Do you like me?

on the eternal embarrassment of desperately wanting people to think I'm cool

Sure, self-esteem that comes from within is probably ‘healthy’ and ‘better’ than drawing all validation from external sources.

But wouldn’t you rather be cool and popular?

Be honest. Think carefully.

Imagine if every tweet you wrote was instantly liked thousands of times. If a side hustle would be guaranteed at least minor success because people would buy your wonky pottery because they want to support creators. Picture someone earnestly trying to be your friend because they think you’re smart and funny, wanting to ingratiate themselves to you because if YOU engage with THEM, they will be cool by association.

I’d take that over just being content with myself any day.

I’ve long wanted to be liked, which you can probably pin back to the usual stuff of not knowing how to style my hair as a child and having the wrong sort of shoes, but this has only intensified in the past year.

I think that’s due to the limited IRL interaction we’re all having, and the increased important of online social currency in its place.

Without the those mini bites of validation in the form of a compliment on an outfit, a smile from a stranger, a thank you, office chitchat, I’m ravenous for any sort of confirmation online that people don’t think I’m annoying, unfunny, and generally hate-able.

And so I hunger for every like, every retweet, every subscription to this newsletter, fulfilling every worn-out cliche of millennial social media dependency. Resentment builds like pus in a wound and begs to be poked and prodded. I let thoughts of ‘I always share their stuff, I’m always there for them’ simmer into the inevitable ‘why don’t they do that for me? Do they hate me? Or am I just shit?’ boil.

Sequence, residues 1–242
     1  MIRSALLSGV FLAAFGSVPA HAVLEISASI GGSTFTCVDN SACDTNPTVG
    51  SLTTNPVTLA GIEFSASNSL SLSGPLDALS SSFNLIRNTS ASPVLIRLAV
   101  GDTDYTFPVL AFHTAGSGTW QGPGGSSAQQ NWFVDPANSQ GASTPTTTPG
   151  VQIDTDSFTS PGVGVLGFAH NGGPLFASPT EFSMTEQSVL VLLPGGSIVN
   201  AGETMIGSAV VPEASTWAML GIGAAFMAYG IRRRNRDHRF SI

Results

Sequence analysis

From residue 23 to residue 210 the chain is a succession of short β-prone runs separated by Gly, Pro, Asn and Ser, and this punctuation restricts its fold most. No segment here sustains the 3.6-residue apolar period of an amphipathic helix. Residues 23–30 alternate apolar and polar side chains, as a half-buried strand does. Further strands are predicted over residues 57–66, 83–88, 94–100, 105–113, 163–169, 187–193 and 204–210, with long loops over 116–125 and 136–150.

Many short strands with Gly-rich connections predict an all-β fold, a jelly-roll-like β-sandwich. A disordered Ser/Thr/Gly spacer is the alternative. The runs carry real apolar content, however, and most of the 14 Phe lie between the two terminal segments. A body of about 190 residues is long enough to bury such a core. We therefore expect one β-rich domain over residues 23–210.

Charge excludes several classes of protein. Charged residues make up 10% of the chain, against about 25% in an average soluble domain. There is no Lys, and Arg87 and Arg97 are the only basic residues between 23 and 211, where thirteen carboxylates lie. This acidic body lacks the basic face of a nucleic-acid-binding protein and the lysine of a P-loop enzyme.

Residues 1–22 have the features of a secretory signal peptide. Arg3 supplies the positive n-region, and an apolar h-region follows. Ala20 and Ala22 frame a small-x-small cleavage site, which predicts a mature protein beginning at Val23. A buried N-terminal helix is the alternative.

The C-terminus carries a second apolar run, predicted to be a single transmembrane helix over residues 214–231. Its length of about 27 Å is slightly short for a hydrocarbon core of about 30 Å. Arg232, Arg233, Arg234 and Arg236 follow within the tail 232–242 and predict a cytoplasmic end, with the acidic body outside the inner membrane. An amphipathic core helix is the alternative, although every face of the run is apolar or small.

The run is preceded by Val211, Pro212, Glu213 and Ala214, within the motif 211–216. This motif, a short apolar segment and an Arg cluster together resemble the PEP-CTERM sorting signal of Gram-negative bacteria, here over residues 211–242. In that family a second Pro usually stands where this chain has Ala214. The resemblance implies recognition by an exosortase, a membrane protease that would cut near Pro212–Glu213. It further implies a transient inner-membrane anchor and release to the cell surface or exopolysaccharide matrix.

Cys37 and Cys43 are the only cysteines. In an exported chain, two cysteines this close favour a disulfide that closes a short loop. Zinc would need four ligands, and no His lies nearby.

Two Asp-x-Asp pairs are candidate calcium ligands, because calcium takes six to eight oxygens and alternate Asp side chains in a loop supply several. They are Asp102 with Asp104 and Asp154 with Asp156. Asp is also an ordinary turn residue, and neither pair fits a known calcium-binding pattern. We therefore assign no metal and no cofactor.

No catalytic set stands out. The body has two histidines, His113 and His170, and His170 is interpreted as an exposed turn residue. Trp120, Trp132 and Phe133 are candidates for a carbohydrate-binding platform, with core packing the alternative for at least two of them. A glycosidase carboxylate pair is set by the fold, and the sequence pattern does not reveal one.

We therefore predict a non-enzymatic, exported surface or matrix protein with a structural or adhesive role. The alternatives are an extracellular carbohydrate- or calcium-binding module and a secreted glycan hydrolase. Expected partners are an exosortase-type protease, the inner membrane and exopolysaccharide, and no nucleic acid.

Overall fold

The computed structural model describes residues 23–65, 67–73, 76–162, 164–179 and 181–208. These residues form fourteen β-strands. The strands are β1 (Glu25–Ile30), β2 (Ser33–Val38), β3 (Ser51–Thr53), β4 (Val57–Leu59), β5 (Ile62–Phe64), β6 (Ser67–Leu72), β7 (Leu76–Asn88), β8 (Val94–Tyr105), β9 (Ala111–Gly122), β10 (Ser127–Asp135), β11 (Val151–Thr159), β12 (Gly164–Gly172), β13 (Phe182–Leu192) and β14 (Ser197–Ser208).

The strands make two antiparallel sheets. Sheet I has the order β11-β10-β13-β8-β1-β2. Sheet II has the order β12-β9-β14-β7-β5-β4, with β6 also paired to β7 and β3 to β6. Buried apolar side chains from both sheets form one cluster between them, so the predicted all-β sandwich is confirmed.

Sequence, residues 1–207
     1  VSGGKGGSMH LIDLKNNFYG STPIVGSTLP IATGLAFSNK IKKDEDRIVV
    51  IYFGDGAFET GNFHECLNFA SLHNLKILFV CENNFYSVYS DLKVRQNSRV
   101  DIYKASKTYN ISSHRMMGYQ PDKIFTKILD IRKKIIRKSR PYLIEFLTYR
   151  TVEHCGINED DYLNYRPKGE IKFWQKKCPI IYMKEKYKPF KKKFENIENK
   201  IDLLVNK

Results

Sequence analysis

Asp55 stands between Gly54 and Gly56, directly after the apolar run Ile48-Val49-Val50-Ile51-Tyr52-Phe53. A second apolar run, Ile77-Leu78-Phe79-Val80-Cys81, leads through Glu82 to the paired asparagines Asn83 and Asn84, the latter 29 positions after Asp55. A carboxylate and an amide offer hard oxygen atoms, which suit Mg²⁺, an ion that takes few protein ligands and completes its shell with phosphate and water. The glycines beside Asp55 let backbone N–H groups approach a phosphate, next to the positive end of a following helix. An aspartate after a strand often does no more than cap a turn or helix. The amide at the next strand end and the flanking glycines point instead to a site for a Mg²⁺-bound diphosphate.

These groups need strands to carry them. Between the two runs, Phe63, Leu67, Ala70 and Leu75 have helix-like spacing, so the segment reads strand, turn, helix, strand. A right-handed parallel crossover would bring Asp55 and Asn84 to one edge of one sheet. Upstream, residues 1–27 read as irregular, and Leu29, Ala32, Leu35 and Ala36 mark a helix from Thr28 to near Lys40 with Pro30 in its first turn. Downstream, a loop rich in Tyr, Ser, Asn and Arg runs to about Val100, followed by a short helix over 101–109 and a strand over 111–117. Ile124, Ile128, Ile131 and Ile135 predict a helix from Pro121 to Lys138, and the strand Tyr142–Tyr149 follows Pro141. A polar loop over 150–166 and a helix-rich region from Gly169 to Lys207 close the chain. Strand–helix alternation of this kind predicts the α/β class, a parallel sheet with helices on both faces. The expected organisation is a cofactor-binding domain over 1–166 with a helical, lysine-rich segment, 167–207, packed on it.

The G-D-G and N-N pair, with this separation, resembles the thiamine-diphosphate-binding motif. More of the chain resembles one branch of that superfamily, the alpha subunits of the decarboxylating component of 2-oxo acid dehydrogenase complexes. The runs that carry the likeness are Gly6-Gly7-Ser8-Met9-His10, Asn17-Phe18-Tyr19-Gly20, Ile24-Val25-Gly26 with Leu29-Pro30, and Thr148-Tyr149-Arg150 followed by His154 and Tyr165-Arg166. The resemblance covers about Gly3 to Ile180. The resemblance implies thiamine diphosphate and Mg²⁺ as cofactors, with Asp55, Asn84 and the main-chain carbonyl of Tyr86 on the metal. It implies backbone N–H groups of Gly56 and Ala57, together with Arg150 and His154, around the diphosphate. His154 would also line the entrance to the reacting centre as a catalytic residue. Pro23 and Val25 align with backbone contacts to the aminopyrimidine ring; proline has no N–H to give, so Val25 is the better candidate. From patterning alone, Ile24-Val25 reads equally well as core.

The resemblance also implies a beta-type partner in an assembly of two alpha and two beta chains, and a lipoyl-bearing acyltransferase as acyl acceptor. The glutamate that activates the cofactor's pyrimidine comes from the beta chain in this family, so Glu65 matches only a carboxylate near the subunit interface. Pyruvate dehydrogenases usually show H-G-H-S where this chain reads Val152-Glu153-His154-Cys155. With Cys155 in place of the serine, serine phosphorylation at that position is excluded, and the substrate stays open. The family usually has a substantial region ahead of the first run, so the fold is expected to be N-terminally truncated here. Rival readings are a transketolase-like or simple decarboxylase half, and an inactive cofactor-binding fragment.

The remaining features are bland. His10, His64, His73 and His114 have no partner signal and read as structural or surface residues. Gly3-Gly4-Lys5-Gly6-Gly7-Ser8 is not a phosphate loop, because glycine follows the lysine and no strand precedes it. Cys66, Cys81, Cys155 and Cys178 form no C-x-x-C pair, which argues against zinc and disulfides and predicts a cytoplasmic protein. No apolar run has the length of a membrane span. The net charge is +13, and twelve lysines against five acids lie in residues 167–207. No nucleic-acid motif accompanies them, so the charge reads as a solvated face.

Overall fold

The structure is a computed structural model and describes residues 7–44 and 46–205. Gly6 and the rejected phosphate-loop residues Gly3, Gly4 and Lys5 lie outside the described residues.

The trouble with just going offline and relying on self-worth is that I don’t really like myself, either.

Without the internet, I’m left to deal with the thought that I actually am extremely annoying1. I annoy myself all the time. If I met me, I wouldn’t like me.

Plus, I’m horrible to myself. Yes, this could probably be worked on. But you know what’s cheaper, less intensive, and more immediately effective than months of therapy? Finally managing to write a tweet that bangs.

I can’t trust my own opinion of myself because I have a mentally ill brain that’s bound to be overly criticial and never satisfied. Other people’s opinions, therefore, are the ones I’ll rely on.

It feels more realistic to pursue affection online than to work on IRL happiness and peace, or to break down the desire to have as many people as possible think I’m cool. If that desire disappeared, what would take its place in that valuable mental real estate? I’m sure I’d find a way to fill it new forms of self-loathing that aren’t so easily fixed by views on an article.

The problem with not chasing some undetermined amount of approval is that you need to chase something else. And online admiration isn’t impossible! It’s conceivable that I could actually make strangers like me online! That’s a far more achievable goal than other ways to feel popular, like having unlimited funds to buy people’s pints and thus their love, or becoming a footballer for the sole purpose of then campaigning to tackle child hunger and then being the most-liked person in the country!

If you’re reading this and thinking wow, this all sounds quite concerning, maybe I shouldn’t support this damaging way of thinking by engaging, you are wrong. That’s not the point of this. The point is to like my tweets and tell me you think I’m brilliant. I won’t believe you, but I still need it. Do the right thing. Like me.

reading recs:

Leave a comment

1

Yes, my dad did once call me annoying when I was a small child. I’m sure that this has had no longterm impact.